• Meanwhile, some state rollout plans remain incomplete as they prioritize certain subsets of incarcerated people or particular correctional facilities while staying silent about their remaining incarcerated population. In Ohio, officials have allotted vaccines for people incarcerated in three of the state’s prisons—Franklin Medical Center, Pickaway Correctional Institution, and Allen-Oakwood Correctional Institution—but have not created a plan for the rest of the state’s incarcerated population. Similarly, in California, vaccination plans have been released for people incarcerated at the Central California Women’s Facility in Chowchilla, the California Health Care Facility in Stockton, and the California Medical Facility in Vacaville, but no details have been given around when other facilities might expect to receive their vaccines.

  • At least six states continue to have no concrete plan for vaccine distribution to any of their incarcerated population. Texas, New York, Arkansas, Alaska, Florida, and South Dakota have remained silent on when communities might be able to expect a timeline. That silence, particularly from state officials touted as progressive like New York Gov. Andrew Cuomo has elicited strong pushback from advocates.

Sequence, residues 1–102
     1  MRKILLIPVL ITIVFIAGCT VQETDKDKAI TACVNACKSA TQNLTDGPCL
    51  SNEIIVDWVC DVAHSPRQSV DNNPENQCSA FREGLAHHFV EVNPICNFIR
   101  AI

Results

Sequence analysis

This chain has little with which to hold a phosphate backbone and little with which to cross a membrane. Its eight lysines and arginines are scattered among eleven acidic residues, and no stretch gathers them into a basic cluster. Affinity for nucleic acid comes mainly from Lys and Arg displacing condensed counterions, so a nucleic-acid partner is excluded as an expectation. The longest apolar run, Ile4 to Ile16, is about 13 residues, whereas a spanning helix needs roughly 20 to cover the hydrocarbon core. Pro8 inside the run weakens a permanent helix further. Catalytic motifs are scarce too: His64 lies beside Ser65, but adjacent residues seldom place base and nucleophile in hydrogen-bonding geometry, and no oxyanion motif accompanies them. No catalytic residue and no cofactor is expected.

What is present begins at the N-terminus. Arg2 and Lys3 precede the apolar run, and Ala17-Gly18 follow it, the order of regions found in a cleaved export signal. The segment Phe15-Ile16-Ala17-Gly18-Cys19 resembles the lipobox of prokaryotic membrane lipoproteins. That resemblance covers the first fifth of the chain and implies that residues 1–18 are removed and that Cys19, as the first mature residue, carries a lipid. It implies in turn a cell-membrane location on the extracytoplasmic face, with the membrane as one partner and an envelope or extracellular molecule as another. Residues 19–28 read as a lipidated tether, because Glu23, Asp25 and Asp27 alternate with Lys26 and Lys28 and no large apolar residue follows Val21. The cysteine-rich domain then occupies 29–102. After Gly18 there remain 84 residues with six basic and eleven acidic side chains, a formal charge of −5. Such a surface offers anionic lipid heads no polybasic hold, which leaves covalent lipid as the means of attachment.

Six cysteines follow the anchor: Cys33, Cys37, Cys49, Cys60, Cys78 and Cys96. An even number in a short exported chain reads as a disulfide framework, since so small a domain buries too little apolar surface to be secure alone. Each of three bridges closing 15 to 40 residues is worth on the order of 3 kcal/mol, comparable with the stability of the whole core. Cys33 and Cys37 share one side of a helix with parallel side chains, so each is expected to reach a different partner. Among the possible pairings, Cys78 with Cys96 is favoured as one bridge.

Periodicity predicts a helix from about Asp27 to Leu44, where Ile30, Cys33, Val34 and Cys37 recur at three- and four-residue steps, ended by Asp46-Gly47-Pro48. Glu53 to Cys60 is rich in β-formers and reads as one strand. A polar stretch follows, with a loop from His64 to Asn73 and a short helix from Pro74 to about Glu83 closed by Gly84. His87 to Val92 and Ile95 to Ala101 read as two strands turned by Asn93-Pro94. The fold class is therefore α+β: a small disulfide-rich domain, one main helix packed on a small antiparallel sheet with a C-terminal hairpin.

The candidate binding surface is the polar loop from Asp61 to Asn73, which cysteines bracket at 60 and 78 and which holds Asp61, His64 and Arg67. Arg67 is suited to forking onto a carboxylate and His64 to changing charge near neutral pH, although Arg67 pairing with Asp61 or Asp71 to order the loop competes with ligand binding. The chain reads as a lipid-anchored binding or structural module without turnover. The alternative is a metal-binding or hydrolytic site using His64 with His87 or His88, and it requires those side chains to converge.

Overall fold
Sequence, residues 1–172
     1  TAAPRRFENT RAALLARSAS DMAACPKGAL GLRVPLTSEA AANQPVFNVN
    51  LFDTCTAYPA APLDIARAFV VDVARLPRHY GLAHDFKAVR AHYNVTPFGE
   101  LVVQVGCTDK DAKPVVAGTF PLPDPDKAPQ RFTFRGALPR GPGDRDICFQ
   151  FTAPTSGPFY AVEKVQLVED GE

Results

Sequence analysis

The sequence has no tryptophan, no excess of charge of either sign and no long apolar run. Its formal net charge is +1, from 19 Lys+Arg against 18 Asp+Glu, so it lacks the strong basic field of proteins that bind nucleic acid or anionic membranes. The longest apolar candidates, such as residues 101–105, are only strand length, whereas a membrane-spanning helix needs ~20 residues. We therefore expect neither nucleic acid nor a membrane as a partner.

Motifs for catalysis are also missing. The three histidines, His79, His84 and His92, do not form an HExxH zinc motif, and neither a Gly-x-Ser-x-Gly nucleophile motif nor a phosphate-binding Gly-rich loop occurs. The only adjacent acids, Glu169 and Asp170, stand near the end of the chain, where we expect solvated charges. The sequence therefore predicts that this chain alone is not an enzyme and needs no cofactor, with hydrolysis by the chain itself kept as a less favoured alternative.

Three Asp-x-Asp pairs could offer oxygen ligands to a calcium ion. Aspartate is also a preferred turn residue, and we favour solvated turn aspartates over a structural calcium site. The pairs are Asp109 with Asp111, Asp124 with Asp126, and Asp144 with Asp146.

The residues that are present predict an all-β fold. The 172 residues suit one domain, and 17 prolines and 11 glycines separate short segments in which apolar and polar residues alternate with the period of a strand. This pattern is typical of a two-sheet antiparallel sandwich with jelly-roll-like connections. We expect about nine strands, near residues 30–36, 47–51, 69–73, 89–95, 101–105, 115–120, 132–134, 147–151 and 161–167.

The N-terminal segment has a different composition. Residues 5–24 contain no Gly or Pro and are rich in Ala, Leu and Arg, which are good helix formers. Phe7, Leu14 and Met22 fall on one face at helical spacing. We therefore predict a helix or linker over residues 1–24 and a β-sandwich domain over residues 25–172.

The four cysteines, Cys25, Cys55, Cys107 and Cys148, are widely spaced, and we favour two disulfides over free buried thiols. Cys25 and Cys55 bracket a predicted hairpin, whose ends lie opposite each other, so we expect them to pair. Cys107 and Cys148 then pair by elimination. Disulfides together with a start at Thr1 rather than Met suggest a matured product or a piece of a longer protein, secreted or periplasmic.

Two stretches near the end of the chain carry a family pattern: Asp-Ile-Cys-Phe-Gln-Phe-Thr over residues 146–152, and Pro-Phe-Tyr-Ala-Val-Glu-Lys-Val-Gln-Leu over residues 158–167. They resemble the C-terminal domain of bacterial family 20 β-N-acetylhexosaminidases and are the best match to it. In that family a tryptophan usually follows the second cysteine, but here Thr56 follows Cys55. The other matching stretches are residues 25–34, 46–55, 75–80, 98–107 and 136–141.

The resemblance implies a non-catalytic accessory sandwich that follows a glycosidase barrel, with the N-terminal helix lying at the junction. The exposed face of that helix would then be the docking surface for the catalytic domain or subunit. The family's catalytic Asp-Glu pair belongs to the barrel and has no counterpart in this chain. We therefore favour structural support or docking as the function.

According to the COVID Prison Project, a tracker collecting data on COVID-19 infections and deaths amongst incarcerated people and prison staff, a majority of the largest single-site outbreaks since the onset of the pandemic have been in prisons and jails. As of Feb. 1, there have been over 360,000 recorded cases of COVID-19 amongst those incarcerated and over 2,000 deaths. Prisons and jails already have incredibly poor healthcare services and state and local departments of corrections have consistently executed prison transfers that result in infection spikes. Further, the ability to take certain protocols that have become commonplace over the past year such as washing hands, using hand sanitizer, and replacing face masks on a consistent basis are impossible to do inside. Such conditions render the experiences and risk levels of those inside incomparable to people in their same age cohort living within the general population.